Museum of Modern Art, MOMA, New York

Film

Discover the history and development of film, a merging of science, technology, business, and art, and one of the most widely experienced mediums.

The first motion pictures flickered to life in Thomas Alva Edison’s New Jersey laboratory in the early 1890s. Within two decades, cinemas had sprouted across North America and Europe (with much of the rest of the world soon to follow), their seats packed daily with audiences consuming melodramas, comedies, newsreels, and animation.

Then, in 1927, sound came to the big screen. For the first time, audiences heard actors’ voices and thrilled to the new dimension this brought to the experience. From cumbersome beginnings, sound technology—along with camera, film, and projection technology—steadily improved and films became increasingly sophisticated. It is now hard to imagine a time when films were not central to popular culture.

But what is film? Theories about this medium abound: it is a collaborative art; mass entertainment; a form of language and communication, which can be both constructive and destructive; a cultural document that reflects society.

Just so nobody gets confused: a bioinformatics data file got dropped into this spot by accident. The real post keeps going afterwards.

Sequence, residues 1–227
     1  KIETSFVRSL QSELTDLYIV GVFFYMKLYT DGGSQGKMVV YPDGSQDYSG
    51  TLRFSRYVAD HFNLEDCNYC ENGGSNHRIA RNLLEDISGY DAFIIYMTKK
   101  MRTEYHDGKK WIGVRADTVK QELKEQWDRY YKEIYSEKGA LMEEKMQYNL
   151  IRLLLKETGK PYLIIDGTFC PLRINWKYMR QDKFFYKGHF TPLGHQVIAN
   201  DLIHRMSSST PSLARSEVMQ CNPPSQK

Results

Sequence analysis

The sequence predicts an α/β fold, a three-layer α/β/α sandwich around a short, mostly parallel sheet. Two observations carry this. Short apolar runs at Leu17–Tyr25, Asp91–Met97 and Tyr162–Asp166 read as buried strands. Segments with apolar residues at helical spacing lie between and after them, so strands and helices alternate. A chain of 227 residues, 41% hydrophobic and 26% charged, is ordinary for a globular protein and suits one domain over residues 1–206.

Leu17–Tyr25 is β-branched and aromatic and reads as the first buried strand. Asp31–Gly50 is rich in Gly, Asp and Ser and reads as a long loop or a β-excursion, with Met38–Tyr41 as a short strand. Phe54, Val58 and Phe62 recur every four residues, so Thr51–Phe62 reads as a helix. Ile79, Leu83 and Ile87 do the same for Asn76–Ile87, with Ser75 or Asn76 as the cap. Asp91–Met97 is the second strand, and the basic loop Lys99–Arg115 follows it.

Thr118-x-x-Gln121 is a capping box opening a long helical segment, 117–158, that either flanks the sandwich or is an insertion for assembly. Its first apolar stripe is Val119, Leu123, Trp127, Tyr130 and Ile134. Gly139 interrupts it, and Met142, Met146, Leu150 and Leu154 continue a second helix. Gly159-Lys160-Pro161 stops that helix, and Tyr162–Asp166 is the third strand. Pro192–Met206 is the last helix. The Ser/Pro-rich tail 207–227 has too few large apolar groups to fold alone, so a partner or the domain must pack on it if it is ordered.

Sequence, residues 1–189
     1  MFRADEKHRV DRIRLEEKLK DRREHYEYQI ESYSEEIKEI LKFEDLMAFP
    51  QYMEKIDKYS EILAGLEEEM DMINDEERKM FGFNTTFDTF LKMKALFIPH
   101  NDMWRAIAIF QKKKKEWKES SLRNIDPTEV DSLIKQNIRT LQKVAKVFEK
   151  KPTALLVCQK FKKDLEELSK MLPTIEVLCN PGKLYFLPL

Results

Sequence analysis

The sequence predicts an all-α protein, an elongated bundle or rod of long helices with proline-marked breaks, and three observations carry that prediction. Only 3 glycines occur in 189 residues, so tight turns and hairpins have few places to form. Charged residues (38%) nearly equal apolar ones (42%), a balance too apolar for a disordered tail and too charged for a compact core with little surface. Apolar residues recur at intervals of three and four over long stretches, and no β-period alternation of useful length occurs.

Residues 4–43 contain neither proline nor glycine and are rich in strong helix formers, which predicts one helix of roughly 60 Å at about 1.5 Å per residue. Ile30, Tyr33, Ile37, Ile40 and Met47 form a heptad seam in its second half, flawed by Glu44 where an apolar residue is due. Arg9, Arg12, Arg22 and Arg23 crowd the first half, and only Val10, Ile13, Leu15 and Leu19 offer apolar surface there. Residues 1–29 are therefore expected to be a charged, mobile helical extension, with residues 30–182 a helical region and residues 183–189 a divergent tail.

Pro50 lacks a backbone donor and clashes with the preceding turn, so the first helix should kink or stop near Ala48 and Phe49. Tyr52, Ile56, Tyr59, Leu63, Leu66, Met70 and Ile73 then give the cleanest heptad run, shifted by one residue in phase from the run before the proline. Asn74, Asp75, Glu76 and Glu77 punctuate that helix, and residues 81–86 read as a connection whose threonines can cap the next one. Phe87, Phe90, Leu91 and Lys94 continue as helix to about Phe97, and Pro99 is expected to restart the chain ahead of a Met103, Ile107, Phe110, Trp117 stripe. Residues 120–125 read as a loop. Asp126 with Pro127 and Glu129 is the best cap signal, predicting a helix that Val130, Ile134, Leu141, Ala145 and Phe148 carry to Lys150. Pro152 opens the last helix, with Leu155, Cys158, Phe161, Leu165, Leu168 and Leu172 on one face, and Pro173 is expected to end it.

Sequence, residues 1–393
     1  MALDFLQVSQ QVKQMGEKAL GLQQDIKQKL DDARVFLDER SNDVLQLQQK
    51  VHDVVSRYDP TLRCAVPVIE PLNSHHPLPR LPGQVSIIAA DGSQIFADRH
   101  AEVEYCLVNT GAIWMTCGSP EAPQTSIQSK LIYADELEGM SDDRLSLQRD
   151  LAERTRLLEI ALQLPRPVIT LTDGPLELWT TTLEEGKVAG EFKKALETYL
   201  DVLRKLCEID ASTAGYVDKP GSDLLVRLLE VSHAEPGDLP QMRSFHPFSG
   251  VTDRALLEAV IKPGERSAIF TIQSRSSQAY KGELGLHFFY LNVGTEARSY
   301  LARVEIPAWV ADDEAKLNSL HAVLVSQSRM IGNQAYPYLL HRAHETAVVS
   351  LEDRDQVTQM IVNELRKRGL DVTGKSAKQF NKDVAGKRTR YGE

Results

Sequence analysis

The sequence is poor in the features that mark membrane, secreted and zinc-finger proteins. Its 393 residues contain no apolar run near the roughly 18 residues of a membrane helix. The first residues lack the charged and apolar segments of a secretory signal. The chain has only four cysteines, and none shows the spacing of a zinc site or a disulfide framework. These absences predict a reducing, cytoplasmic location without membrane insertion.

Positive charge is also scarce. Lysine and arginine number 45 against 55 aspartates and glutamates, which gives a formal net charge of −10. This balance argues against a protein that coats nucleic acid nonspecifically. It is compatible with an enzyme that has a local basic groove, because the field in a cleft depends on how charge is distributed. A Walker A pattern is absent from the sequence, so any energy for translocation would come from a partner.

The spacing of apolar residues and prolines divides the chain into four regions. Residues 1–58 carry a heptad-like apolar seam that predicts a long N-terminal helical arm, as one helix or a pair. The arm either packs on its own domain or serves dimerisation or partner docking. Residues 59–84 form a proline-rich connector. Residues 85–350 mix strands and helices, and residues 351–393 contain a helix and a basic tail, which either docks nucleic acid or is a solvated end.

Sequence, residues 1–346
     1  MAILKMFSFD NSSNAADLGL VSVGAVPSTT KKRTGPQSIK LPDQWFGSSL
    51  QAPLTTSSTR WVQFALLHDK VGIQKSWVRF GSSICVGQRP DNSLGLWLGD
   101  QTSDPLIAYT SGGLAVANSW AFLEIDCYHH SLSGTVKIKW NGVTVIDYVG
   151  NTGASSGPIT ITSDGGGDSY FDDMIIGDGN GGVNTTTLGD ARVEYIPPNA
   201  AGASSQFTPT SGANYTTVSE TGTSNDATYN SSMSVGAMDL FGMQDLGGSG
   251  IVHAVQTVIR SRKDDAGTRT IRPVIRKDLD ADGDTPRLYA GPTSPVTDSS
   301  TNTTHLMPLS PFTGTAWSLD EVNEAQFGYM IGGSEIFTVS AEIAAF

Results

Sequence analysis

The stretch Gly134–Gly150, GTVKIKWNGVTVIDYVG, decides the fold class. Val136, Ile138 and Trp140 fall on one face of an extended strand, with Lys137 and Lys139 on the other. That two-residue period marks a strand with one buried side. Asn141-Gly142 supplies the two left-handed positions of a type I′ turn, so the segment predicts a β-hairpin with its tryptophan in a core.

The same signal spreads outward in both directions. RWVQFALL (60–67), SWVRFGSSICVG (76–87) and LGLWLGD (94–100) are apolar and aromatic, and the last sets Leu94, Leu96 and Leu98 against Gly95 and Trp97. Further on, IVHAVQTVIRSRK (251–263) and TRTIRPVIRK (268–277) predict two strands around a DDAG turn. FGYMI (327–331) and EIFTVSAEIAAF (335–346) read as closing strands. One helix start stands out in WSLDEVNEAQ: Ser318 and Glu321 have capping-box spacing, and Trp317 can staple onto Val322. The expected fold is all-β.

On a technical level, a film is a series of still photographic images shown in rapid succession to create the illusion of seamless motion. Anyone who has gone to the movies, however, knows that a great film can transport us well beyond the science that makes it possible. Unless the filmmaker effectively breaks film’s illusion (and varied attempts have been made to do just that), the wholeness of the world that a filmmaker can create is deeply affecting. Iris Barry, who laid the foundations for MoMA’s Film department and film studies, was a tireless champion of the medium, which she saw as humanizing:

“The cinema helps us to live complete lives, in imagination if not in fact. And I cannot help thinking that knowing is the same thing as sympathizing.”

Related Artists: Lucien Castaing-Taylor, Véréna Paravel, Joseph Cornell, Alan Crosland, Maya Deren, W. K. L. Dickson, William Heise, Walt Disney, Ub Iwerks, David Wark Griffith, Barbara Kopple, Fernand Léger, Louis Lumière, Bill Morrison, Edwin S. Porter, Yvonne Rainer, Leni Riefenstahl, Murray Roth, Jack Smith, Paul Strand, Charles Sheeler.

Credits MomaLearning

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